Well, apparently, this is my one thousandth post (although that may not be entirely accurate since I have a few draft posts knocking about which may contribute to that number).
So yes, yet another milestone. Of course it's nowhere near the dizzying heights reached by my BBC ALMB postcount (which exceeded an extremely sad 13k) but then the natures of the two are very different I guess.
Here's to another thousand, who knows if I'll make it to that milestone, hope you all enjoyed the first grand, etc etc.
Tuesday, October 31
Well, apparently, this is my one thousandth post (although that may not be entirely accurate since I have a few draft posts knocking about which may contribute to that number).
Monday, October 30
If you took Closer and bathed it in sugar and candy floss you'd probably end up with something resembling The Last Kiss.
That's not to say it was a bad film. Quite the opposite actually; it's certainly the best film I've seen post-Ramadhan. Sure, it's a bit shallow and lacks substance, but that only serves to make it more accessible than other films that might deal with the infidelity and the breaking down of relationships.
It's also worth noting that this film isn't entirely about a 29 year old Michael (Zach Braff) going after college student Kim (an unusually unattractive Rachel Bilson) - not that I was too disappointed with that. Ahem. There are more than a couple of relationships dissected here, each with their own qualities and so somewhat balancing what the film has to say about the whole subject matter.
So, not as dark or gritty as other films but benefiting precisely because of that, I'd recommend this for anyone looking for something easy going, yet far reaching enough to keep you genuinely interested.
Saturday, October 28
It feels like yesterday that I was writing about Saw 2, and then too reminiscing about the first Saw. It's actually been a year, but unlike the first sequel the third in the series seems to have run out of steam.
Which is a shame. If you read my reviews of the first two films you'll know how much I enjoyed them for being so fresh and different, so it was always a tall order to follow it up. But seeing as how they had already done it twice already, I was hoping that the filmmakers would have held out for a third.
Alas it was not to be. Saw III seems to have left the slick, intelligent thrill for something much more blatantly and intentionally gruesome, shocking and as a result, cheap. It still passes as a strong enough film, but seeing as how it follows so closely on from the first two it's difficult not to judge it on the bar which they had set.
Still it's nice to watch it for completion's sake, and if you were a fan of the first two then you kinda owe it to yourself and those that brought them to watch this too. On the flip side if you've never really cared for the Saw franchise then I can't quite think of anything here that will interest you at all.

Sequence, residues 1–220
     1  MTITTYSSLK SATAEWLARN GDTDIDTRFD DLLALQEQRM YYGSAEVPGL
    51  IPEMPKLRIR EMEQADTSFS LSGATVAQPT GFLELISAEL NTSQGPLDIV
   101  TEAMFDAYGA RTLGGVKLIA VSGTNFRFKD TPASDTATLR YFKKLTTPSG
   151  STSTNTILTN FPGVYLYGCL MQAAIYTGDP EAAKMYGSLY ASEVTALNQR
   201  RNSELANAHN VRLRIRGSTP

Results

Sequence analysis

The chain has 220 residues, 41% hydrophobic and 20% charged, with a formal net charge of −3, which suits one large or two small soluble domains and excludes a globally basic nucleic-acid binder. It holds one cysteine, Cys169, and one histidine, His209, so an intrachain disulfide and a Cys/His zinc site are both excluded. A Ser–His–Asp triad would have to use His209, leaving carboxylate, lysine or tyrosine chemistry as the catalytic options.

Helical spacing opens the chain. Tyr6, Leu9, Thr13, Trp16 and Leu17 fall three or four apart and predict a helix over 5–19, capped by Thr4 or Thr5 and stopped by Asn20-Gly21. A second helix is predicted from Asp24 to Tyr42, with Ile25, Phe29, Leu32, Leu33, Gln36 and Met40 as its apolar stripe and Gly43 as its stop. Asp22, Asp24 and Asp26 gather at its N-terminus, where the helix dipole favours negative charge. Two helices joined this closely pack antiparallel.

Friday, October 27
This was always going to be compared to the original Amitabh classic, and as a remake I think it does pretty well. The homages made to the 1978 version were good enough not to annoy those who had seen it (and amazingly there were more than a few in my group who had not!).
But as a film in its own right it kinda fell flat on it's face, and I don't think these are the rose tinted spectacles talking either. The acting was alright, the dancing absurd (but then one doesn't really expect anything less from Priyanka), the music so-so. Interestingly the script has been changed enough from the original to keep those who already knew the older plot interested, but despite that it too failed at times. The first 45 minutes or so were really good though.
The fact that it's a good remake but crap film may seem a bit paradoxical. What went wrong with Don, however, was an over-reliance of the franchise resulting in a lack of effort to make it stand up when it chose to do its own thing. And that unfortunately, was what had made it so disappointing.
Thursday, October 26
With respect to Monday's Eid Show, for those who watched we'd appreciate if you could fill out this survey.
It's not long and shouldn't take you more than a minute to fill out (and if it does, then stop - I hate doing surveys too).
Tuesday, October 24
I finally completed my phonelist for this year - almost a whole day after I should have. Ok, I had the television thing to distract me, but still, it's just not good enough. After last time (when I flew back from Pakistan the day after Eid), this is the second year in a row I'm late.
Eid is really the only day I can put a dent in my phone bill (only 448 minutes left) and battery (it's currently on "yellow"), and however weird it feels to only talk to some of these guys only twice a year I'm still glad I do it. I'm just sorry I couldn't get them all done on the day itself.
On the other hand it's not my fault some of you have names beginning with a letter later on in the alphabet...
First things first: to wear that red topi was NOT my decision. Just so that we're clear that that wasn't my fault.
Anyway. So it's the day after and I've finally have a chance to write about the whole television thing. Those I've spoken to before directly will have more of an insight, but for blog purposes I'll have to be a bit more... objective. Hopefully it will be enough to give you an idea of how the day went.
I'll start with me. In retrospect, and after egocentrically watching my own footage (something I would not have usually done except for some friends who missed it wanted to watch), I don't think I did that badly during the solo call in part. Don't get me wrong: it could have been so much better and definitely did not go as well then as it did in my head. I definitely want to work on my on screen presence; I wanted to go for "normal, casual" Shak, but something seemed to have been lost in translation. It's a bizarre effect, really it is and I hope it's not due to anything other than nerves. And do I really act that gay in real life?